AJAX Photo Gallery (ajaxpg)

Currently at version 0.2.

ajaxpg is small (one JS file, one CSS file) infrastructure from which you can create a dynamic image gallery, or collection of galleries.

How it works

You need only include the requisite CSS/JS file in your page (take a look at the sample galleries). When the page is visited, the script will look for a file 'apg.js'. This JSON file contains a list of gallery locations (other JSON files with the same format), a title of the gallery, a representative thumbnail URL for the gallery, and a list of photo objects, each of which contains a title, a url, and a thumb (thumbnail URL).

Generating Galleries

The JSON required for a gallery definition is simple enough that small galleries can be managed by hand. For larger galleries, it's probably a good idea to generate galleries dynamically. If you use Qdig, or more specifically, my hacks to Qdig, there is an add-on that you can install which will generate the apropriate JSON for you. You will need to add rewrite rules however, such that the web server calls the script for apg.js.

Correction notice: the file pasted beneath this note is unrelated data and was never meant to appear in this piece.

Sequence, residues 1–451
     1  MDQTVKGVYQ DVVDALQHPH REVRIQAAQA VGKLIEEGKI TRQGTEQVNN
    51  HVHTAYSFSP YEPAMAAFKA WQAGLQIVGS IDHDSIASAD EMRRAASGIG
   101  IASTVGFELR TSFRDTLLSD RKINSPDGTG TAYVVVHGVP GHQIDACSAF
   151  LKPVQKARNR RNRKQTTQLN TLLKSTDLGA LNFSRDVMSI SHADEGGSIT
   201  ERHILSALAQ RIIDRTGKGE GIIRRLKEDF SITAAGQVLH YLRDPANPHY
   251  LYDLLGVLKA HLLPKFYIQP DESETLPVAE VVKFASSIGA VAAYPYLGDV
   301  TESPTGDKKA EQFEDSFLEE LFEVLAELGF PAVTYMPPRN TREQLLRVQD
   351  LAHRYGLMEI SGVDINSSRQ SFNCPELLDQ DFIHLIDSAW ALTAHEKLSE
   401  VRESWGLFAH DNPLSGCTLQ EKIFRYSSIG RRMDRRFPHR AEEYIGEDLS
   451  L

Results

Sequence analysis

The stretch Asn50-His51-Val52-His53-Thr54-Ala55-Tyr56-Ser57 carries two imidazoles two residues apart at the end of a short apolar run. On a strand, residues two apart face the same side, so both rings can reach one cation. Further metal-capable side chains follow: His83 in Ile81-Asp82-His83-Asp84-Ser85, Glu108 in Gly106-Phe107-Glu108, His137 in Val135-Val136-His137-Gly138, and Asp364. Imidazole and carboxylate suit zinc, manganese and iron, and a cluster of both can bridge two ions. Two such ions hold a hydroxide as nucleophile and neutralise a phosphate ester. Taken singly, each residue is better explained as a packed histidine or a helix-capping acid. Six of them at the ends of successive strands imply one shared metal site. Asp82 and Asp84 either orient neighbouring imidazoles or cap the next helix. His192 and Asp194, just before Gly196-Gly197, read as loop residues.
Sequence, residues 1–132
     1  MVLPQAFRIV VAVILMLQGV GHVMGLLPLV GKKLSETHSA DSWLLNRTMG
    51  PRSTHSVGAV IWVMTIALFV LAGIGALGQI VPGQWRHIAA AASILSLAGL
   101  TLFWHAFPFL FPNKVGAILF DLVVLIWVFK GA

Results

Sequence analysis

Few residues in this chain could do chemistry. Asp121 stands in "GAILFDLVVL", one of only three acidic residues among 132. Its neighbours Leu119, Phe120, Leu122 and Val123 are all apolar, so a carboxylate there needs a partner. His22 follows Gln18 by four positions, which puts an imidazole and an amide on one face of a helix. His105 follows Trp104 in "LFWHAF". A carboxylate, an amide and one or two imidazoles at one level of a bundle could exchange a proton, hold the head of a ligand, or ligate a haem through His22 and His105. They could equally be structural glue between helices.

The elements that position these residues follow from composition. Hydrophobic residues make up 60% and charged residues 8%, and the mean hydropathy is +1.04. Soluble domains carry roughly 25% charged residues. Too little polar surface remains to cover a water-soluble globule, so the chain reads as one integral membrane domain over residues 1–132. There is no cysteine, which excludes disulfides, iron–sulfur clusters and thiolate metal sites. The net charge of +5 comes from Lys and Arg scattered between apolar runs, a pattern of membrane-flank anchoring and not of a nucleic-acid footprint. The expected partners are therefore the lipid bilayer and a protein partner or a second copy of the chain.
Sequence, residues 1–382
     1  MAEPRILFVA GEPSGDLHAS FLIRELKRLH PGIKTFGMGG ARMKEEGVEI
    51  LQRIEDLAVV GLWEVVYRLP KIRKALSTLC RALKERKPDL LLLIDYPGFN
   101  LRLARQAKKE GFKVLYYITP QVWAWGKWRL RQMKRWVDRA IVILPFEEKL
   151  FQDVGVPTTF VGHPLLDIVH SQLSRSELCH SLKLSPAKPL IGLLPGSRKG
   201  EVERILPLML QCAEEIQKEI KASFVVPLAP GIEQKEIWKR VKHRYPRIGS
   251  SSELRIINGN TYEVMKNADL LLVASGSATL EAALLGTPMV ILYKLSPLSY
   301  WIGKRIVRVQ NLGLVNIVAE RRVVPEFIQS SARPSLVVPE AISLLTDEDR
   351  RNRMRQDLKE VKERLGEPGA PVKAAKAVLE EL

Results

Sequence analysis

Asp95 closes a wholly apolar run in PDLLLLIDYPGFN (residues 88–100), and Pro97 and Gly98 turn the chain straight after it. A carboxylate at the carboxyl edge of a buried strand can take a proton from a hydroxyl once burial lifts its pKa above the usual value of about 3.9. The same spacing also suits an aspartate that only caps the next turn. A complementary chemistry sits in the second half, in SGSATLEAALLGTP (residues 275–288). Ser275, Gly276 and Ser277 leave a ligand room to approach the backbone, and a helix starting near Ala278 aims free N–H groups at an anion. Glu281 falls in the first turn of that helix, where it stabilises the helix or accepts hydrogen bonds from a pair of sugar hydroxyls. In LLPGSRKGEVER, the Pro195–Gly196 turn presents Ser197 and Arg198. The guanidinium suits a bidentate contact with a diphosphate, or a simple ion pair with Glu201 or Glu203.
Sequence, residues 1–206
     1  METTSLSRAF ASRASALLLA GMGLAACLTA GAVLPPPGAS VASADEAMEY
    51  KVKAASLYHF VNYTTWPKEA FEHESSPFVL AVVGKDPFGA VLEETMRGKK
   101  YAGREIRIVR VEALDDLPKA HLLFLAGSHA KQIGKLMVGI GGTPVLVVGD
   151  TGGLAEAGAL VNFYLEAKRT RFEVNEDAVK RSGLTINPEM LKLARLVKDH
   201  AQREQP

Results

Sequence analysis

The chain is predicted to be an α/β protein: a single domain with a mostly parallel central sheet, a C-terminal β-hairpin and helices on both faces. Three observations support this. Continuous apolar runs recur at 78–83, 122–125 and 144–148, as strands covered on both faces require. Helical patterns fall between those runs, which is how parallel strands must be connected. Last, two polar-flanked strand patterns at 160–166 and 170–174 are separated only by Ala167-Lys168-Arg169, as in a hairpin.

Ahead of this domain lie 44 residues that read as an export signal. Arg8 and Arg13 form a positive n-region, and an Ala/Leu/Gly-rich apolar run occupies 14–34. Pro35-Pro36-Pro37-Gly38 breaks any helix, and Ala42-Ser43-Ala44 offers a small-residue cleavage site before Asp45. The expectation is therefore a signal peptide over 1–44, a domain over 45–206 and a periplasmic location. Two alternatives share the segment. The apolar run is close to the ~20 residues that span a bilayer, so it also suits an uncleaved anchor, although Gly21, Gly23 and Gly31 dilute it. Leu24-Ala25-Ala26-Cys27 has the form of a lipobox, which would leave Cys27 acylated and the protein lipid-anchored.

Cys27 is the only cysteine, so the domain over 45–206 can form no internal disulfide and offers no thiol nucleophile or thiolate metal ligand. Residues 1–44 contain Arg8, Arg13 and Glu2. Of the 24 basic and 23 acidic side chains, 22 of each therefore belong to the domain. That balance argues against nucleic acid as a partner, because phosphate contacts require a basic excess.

Alternatively, ajaxpg is useful as an RSS aggregator for media feeds. apg-rss requires simplepie, and will convert RSS feeds into the appropriate JSON. Again, rewrite rules are useful here. To generate RSS feeds, you might be interested in mkphotorss which is a perl script that takes stdin and generates an RSS file.



ajaxpg is not without limitations in its early release. It …

  • currently suffers from general AJAX bookmark/back-button issues.
  • is not a stand-alone solution; photos must be hosted somewhere.
  • currently is not asynchronous.
  • does not work on older web browsers, such as MSIE6.




If it's not asynchronous, and uses JSON, why is it called AJAX PG?
It's synchronous to maintain the order of galleries (we can fix this in a later release), and uses JSON because it's easier. It does work with XHTML, which is XML. It also uses Javascript. AJAX is also buzzy. It has synergy and is the currently shifted paradigm. Web 2.0.